Subject: I have found a DVD that I think you would enjoy
Actors: Chris Penn, Ellen Burstyn, Tim Roth, Renée Zellweger, Michael Rooker
Genres: Drama, Mystery & Suspense
Tim Roth (Planet of the Apes) and Renee Zellweger (Bridget Jones's Diary) star in this riveting psychological thriller with shocking twists, "sharp dialogue and a cynical intelligence" (Chicago Tribune). Also starring Chri... more »
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The best psycho-thriller since the Usual Suspects
(5 out of 5 stars)
"A supurb roster of actors, headed by Tim Roth, bring to life this horrifying glimpse into the human mind and the psychoses of two individuals as the story behind a murder is uncovered. In the grand tradition of the Usual Suspects, the characters in Deceiver change dramatically from the intriguing beginning to the exciting end. Highly recommended for any lovers of mystery and psychological thrillers!"
A Schizophrenic Thriller About Epileptic Behaviour
Mr. Cairene | Cairo, Egypt | 08/24/2000
(2 out of 5 stars)
"Deciever aka Liar is caught in a real Catch22. On the one hand it wants to play mind games, to prove how opaque our first impressions really are. On the other it wants to be a drama about the moral impotence and bottled up rage of men. We don't know enough about the cop Braxton(Chris Penn) or his partner Kennisaw(Michael Rooker) to care about either their gambling or marital problems resprectively. The opacity ofcourse is deliberate. If you want twists and turns then you must have mysterious characters doing inexplicable things. Well there goes the drama. The lack of character development allows the film-makers to do complete 180s with the plot, but any resulting suspense is academic with none of the viceral impact of say Se7en. Credibility is a vital element when it comes to thrillers. Even when they're set in space we have to believe that the film-makers know as much as we do, that they are on the same ride as we are. But in Liar the Pate brother cheat, they give us flashbacks that are meant specifically for the audience. I believe they did this to avoid the supposed monotony of the one room setting, but the flashbacks all but destroy the film. If they can see beyond the characters' lies, it means that Liar is nothing more then manipulative mental masterbation where they provide the audience with red herrings to a solution they already know. As a frame of reference lets use Roman Polanski's underrated 1994 film Death & The Maiden. That film was set in a single location and used no flashbacks, but its characters were so well written and acted that it generated more genuine suspense in a single scene then Liar does in its entire running time. Another film, 1995's masterful The Usual Suspects justified the use of flashbacks by having a character tell a story and then let the director realise his story visually. Did I even mention the film's laughable tendancy to treat Epilepsy as if it were the demon possessing Linda Blair in The Exorcist. Its a shame really because the film is technically remarkable(lots of shadows, darkness and gold light). It also waists the brilliant Tim Roth, who as the rich, bitter, manipulative and epileptic suspect James Walter Wayland gives a preverse and powerful performance. Had the film been as clear eyed and sharp as Roth's performance we might have really had something here. Considering that Liar is ultimately about manipulation, it might be cleverly ironic that its authors would lie to and manipulate the audience. It would be cleverly ironic if weren't so incredibly frustrating."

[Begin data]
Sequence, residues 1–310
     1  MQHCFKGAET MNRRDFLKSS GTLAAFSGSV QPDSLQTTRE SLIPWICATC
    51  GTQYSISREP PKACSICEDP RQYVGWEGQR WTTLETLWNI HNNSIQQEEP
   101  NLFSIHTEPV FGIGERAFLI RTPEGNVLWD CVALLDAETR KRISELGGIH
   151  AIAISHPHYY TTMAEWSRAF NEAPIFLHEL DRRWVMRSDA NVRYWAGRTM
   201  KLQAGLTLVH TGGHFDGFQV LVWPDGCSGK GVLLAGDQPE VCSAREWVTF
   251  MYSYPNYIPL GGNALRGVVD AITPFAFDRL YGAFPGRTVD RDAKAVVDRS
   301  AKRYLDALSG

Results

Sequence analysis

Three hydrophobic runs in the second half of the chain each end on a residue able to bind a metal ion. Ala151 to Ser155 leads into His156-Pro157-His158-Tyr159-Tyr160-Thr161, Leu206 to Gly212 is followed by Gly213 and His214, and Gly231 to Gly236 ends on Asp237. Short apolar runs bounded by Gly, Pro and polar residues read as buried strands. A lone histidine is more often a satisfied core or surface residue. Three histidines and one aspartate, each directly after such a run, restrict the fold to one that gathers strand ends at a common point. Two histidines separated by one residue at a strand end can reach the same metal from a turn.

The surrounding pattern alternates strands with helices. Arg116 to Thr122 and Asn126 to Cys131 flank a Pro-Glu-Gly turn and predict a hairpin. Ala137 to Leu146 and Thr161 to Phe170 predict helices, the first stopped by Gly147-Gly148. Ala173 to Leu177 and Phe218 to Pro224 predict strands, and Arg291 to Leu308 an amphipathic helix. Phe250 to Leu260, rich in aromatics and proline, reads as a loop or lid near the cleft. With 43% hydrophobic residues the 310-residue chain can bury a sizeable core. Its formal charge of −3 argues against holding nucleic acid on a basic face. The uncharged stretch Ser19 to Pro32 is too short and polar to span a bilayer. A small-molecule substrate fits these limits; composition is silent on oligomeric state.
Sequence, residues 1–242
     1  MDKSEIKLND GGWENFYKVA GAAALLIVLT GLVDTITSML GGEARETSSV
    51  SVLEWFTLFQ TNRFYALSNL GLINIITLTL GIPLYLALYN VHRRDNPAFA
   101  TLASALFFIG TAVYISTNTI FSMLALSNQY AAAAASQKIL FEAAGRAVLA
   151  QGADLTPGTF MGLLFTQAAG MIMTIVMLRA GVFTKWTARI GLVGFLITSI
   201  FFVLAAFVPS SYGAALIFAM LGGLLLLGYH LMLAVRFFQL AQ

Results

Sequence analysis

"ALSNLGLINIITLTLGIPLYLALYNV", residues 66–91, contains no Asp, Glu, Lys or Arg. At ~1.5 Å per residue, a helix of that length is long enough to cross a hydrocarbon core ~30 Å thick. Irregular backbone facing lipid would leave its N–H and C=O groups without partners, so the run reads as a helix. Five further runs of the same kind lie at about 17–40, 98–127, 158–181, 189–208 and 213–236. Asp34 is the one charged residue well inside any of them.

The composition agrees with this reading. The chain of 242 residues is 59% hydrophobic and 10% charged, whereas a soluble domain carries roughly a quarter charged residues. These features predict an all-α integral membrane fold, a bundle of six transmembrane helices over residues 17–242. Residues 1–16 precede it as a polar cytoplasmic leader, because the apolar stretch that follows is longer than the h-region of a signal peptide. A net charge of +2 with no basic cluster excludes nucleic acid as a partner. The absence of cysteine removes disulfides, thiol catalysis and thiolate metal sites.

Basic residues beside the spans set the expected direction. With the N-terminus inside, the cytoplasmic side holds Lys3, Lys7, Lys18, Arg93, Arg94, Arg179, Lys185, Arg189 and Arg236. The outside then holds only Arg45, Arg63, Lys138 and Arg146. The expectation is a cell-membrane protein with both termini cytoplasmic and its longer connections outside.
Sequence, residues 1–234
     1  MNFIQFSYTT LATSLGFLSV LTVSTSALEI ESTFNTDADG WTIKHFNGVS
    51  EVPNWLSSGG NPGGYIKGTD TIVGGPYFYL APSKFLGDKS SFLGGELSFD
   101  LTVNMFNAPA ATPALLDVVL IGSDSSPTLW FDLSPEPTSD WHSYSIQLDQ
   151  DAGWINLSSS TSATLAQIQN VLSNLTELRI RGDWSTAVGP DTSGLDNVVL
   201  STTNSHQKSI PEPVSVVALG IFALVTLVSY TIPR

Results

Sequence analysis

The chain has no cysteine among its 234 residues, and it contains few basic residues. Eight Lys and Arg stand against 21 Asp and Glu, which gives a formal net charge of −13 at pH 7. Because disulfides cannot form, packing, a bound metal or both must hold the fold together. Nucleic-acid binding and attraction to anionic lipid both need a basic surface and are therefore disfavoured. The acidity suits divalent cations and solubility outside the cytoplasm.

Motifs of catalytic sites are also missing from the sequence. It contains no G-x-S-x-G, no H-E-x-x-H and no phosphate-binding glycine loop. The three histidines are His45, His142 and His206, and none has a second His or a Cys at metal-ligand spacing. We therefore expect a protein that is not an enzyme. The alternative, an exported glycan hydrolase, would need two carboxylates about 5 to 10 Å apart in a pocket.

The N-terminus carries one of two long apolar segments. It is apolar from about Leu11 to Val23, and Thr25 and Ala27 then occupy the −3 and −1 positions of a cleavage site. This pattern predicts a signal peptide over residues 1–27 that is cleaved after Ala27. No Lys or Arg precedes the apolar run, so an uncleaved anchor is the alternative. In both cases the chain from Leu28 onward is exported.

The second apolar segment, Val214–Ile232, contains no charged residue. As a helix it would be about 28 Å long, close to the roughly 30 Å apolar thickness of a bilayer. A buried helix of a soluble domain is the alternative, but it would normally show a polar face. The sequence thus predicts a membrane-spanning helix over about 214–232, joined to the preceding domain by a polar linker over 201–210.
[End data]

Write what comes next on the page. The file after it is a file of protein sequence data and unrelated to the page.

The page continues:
THE WRATH OF ROTH
Michael Butts | Martinsburg, WV USA | 12/07/2004
(4 out of 5 stars)
"Tim Roth gives a mesmerizing and commanding performance in this exceptional thriller. Roth plays the suspect in a brutal murder of a prostitute. He is brought in for lie detector test by detectives Chris Penn and Michael Rooker. Roth proves to be an exceptionally good liar, and a cat and mouse game ensues. Seems like our policemen have their own secrets, too. Penn is in debt to a bookie (played by a malicious Ellen Burstyn) for $20,000. Rooker's wife (Rosanna Arquette) is having an affair with her obstetrician. Somehow the extremely rich Roth knows all of this and uses it.
Renee Zelweger portrays the murder victim, and although she's not used a whole lot, she has some compelling scenes and evidence of her talent is blossoming.
Directors and Jonah and Joshua Pate have some effective camera angles; only the movie's ambiguous ending leaves one a little disappointed. But Roth's performance is great, and you should enjoy the tension. Rooker and Penn are also outstanding; Rooker is one of our most underappreciated actors."
Watch "The Offense"
nelagoney | Kansas City, MO United States | 08/03/2003
(3 out of 5 stars)
"Admittedly, I watched this movie when I thought another one was coming on the TV, and haven't seen the DVD or VHS versions, but I kept watching, since I like some of the "tough guys" in the movie, especially Tim Roth.
It's a pretty good movie, unless you keep watching it, and realize that it's a scrambled version of the old Sean Connery film "The Offense", where a suspect (who may or may not be the murderer) "turns the tables" on the cops and has an altercation with the interrogating policeman (I won't ruin the end of "The Offense", but it's more gripping, in "The Offensive" than "Deceiver", in my opinion).
Apparently Sean Connery cut a deal with his studio to make a few "artsy" movies (including "The Offense" and "The Wall") if he made a bunch of James Bond movies.
"Deceiver" is pretty ok, and I kept watching, but "The Offense" is the source, and better. Presumably there were sources for "The Offense" though, but I don't know them.
Check out "The Offense", and prepare to be "offended"!!!"